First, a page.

Ask The Right Question 1

Today’s post is initiated by the two questions someone asked me in a WhatsApp Wing Chun group. Wanted to write about it earlier but work has taken up my time.

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Let’s take each question in turn. The first question is how do you find a good master.

Actually, I would say that finding a good master can be a matter of fate. I know its not a good answer but there is a reason for this answer.

Consider my true life experience. I was then new in Singapore and looking for a teacher. Someone took me to a Chen style school but though I like the looks of the movements I didn’t sign up. Perhaps at that time looking for a job that would allow me to stay on was more important.

By the time I had gone through a series of jobs I had forgotten where that Chen style school was located exactly. I only remembered it was somewhere in Geylang. Those were the pre-Internet days so couldn’t google it.

But then I had an idea – why not ask the late Mr Loh Chong Chai, the owner of a book store dedicated to martial arts for a recommendation. This story is told on pages 24-30 in TaijiKinesis Official Handbook Vol 2 – Background.

To make a long story short Mr Loh had two recommendation. I checked the first one out. Something about it didn’t appeal to me. I don’t know what. I only knew I walked in, took one glance and walked out.

Mr Loh’s recommendation was for the same style that I saw at the first location. Should I check it out? How good could it be given that the first location was disappointing? But I went to check out the second teacher simply because I didn’t feel good about cancelling the appointment unexpectedly.

I went. The meeting was intriguing the least. I didn’t see any demo. I was just asked an intriguing question on my Tai Chi practice. Page 31-32, TaijiKinesis Official Handbook Vol 2 – Background has the story.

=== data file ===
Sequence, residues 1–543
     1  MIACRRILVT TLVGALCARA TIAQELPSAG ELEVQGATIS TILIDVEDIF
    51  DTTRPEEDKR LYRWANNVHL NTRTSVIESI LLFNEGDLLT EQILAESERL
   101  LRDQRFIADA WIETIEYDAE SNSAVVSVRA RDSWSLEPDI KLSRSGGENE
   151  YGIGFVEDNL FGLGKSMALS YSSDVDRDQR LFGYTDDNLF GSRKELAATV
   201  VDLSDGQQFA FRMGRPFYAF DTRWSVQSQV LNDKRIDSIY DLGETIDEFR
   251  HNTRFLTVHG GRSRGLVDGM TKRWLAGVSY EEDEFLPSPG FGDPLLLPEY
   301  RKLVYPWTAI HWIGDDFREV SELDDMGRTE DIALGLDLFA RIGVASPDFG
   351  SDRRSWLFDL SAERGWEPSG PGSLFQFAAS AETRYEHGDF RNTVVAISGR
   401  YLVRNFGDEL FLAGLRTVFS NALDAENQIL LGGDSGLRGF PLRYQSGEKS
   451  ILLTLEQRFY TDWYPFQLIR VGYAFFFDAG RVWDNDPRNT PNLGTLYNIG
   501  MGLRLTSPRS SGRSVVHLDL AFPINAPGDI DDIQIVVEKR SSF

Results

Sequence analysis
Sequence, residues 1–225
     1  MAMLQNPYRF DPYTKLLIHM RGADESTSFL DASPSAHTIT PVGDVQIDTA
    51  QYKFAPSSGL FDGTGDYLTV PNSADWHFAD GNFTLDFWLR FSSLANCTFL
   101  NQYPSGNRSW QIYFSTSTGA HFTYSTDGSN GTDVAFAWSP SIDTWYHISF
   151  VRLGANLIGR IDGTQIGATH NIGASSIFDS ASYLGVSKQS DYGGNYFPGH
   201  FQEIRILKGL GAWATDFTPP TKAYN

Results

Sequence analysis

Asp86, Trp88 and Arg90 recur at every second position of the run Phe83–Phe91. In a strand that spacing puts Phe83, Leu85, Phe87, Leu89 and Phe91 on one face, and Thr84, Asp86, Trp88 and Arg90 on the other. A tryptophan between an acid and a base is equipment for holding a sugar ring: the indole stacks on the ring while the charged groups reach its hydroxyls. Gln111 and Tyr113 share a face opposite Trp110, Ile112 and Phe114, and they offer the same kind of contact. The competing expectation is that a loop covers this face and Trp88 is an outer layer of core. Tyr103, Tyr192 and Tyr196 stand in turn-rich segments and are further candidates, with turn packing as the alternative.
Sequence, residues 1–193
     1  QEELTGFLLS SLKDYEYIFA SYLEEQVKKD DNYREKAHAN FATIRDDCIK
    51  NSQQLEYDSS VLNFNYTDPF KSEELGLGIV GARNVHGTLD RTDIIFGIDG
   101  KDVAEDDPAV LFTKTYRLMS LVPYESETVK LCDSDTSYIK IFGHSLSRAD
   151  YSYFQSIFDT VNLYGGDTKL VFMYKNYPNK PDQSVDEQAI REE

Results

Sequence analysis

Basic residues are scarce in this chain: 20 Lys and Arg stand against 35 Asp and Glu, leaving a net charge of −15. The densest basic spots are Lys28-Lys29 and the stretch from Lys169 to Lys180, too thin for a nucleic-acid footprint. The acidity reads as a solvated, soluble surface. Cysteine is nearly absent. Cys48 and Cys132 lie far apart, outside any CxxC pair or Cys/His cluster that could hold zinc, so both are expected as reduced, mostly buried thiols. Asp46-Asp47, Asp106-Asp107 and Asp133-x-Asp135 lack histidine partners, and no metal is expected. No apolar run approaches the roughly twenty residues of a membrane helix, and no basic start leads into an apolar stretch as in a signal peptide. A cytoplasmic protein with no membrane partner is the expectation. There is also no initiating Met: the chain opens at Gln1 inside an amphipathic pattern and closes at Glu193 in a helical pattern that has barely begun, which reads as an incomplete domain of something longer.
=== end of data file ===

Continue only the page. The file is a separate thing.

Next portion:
Did I sign up right away?

No, I did not. Instead, I was invited to met this master’s senior who was in town. Who was this senior? Read page 33-34, TaijiKinesis Official Handbook Vol 2 – Background to find out.

I went. I met. I saw. I wanted to sign up.

But it didn’t work out. Couldn’t afford to pay the high fees. And I didn’t even know what the syllabus was other than the form is important to learn.

So I found what appears to be a good master. However, the more critical question then was would he be an effective teacher.

My opinion is that all teachers are basically good. As long as you get to learn something then they are good. However, an effective teacher is the one who can actually make you master the skill properly.

A year later by working a part time job I scraped together the money to pay for lessons. Was he a good master?

When I asked some people about their teachers their reply typically is that the teacher is a good master because he is friendly, he is kind, he is knowledgeable and so on. Its the rare student who says the master is an effective teacher.

I could say that this master was an effective teacher. But it was not as far as mastering the art of Tai Chi fully goes, not as far as teaching me about the use of intention, or mastering the type of skills that Grandmaster Wei Shuren had. For that another more effective teacher would come later.

So how and when would I know I have found a good master? The answer is that most of the time you can only answer this properly in retrospect. Meaning you have to spend the time learning to know if the teacher is effective. So if you think you can just land an effective teacher the first time you pick one think again. Unless you are lucky you would probably like most people need to take a chance and learn before you know.

LogoHow do you know if your learning of Tai Chi is on the right path? Have you tried reading the Tai Chi Classics to see if they make sense? If you are on the right path the words would confirm what you know. If the Classics sound like a whole lotta mumbo jumbo then you are probably not learning the type of Tai Chi that ancient masters wrote about.

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